Few cars in recent history have caused such a stir like the Nissan GT-R. The vehicle now finds itself backed by a reputation that's taken its name all over the world, even though it has only been showing proper supercar numbers since 2007, when the current R35 generation was launched in Japan.
Nissan vowed to give us a supercar that would be able to take on the best, vehicles with decades of road dominance in their resumes, but would be offered for an unbelievable price of under $100,000.
The car was launched, it kept its promises and was technically upgraded for most of the model years that followed, while the appearance remained largely unchanged.
In order to make the most out of the project, Nissan conceived the R35 as the first GT-R that would use a dedicated platform instead of being based on a Skyline sedan, like its predecessors were.
The Nissan GT-R has become some sort of a cult object in the car world, with the vehicle being nicknamed Godzilla - this is related to the fact that it came from Japan and managed to crush its opponents on the track, but was in fact inherited from the previous generation.
The Japanese carmaker was well aware of the tuning madness involving the previous incarnation of the GT-R and tried to prevent the R35 from having a similar fate. Nissan promoted an aggressive warranty voiding politics related to this. Nevertheless, the floodgates eventually burst and now tuners take the GT-R to about 900 or 1,000 hp for streetable kits and can go close to 2,000 hp in the most extreme applications.
We mention the GT-R fighting its competition above and we have to explain that Nissan set its crosshair on the Porsche 911 and did everything it could to allow the GT-R to post a superior Nurburgring lap time, which it did. Upon achieving this goal, the GT-R became the ultimate expression of “power to the people!”
Nissan hadn’t quite been able to raise up to the standard required to fight European supercars like the 911 Turbo in the past. That’s because, like we said, the previous GT-R models were supped up versions of the Skyline sedan. The R34, R33 and R32 were also limited to 280 hp due to the Japanese law at the time. Their actual output was slightly bigger, but this still meant they had to rely mainly on handling to impress.
The R32 GT-R had appeared as a homologated street car in 1989 that allowed Nissan to use its competition version in the fight for motorsport glory. The vehicles used a extremely capable four-wheel drive systems, previous incarnations of the one in the R35 and twin-turbo straight six engines. These may have been limited to 280 hp, but their racing incarnations more than doubled the power. This inspired tuners to do the same, which led to a series of vehicles that offered phenomenal power and sporty handling.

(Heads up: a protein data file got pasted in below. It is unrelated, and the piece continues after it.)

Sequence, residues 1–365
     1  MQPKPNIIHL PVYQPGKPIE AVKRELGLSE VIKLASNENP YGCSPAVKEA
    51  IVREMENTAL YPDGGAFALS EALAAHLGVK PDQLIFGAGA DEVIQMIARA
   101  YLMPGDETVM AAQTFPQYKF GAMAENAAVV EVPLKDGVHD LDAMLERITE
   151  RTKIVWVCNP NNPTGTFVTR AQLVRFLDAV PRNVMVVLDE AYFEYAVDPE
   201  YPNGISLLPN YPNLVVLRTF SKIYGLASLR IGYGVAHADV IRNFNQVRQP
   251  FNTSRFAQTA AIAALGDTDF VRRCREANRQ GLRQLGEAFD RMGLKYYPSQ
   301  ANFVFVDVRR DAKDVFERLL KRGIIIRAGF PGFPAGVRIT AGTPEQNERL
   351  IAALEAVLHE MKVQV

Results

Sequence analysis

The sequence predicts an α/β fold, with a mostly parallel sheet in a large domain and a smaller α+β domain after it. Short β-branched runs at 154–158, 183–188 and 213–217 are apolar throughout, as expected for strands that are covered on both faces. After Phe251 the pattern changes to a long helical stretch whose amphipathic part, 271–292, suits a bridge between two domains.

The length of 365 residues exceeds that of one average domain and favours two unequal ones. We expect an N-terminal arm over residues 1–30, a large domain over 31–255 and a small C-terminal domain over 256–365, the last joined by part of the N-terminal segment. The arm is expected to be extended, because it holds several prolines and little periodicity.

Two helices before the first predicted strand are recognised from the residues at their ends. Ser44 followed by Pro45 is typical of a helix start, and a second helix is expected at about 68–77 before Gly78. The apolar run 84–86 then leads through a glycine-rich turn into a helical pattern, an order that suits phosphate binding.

The GT-R earned points on the racetrack, as well as on the street and in the computer games world, with the vehicle gathering an ever-growing fan base. However, the aforementioned limitations meant that the car was always regarded as an underdog, an aspect that changes with the arrival of the R35.
The GT-R designation, which stands for Gran Turismo Racer, reveals the racing origin of the model and actually dates back to 1969. The First Skyline GT-R started life as a sedan and subsequently became a coupe. The production model followed the successful racing incarnation that started it all. Back then, the vehicle used a six-cylinder engine, but sent its power to the rear wheels.
The layout was kept for the second generation of the Skyline GT-R, which was launched in 1973. The timing couldn’t be worse, as the gas crisis was ravishing performance car sales, so only 197 units of the vehicle were ever made. The vehicle was discontinued until the arrival of the aforementioned R32 generation.
History repeated itself eventually - the Skyline GT-R R34 was put out of production in 2002 and the model was kept off the market for five years as Nissan was facing financial difficulties and a supercar must’ve been the last thing on the list of company priorities.
However, the appearance of the Nissan-Renault alliance sparked the need for a flagship model and this is how we’re returning to the R35 GT-R’s story. This is also the first GT-R to truly go global, as Nissan had previously only exported limited quantities of the car on select markets.
Now that the GT-R is free to travel across the world and it’s also received multiple model year upgrades designed to make it even faster, we set about inviting Godzilla over for tea - we recently got behind the wheel of a 2013 Nissan GT-R (2012 in Europe). Continue reading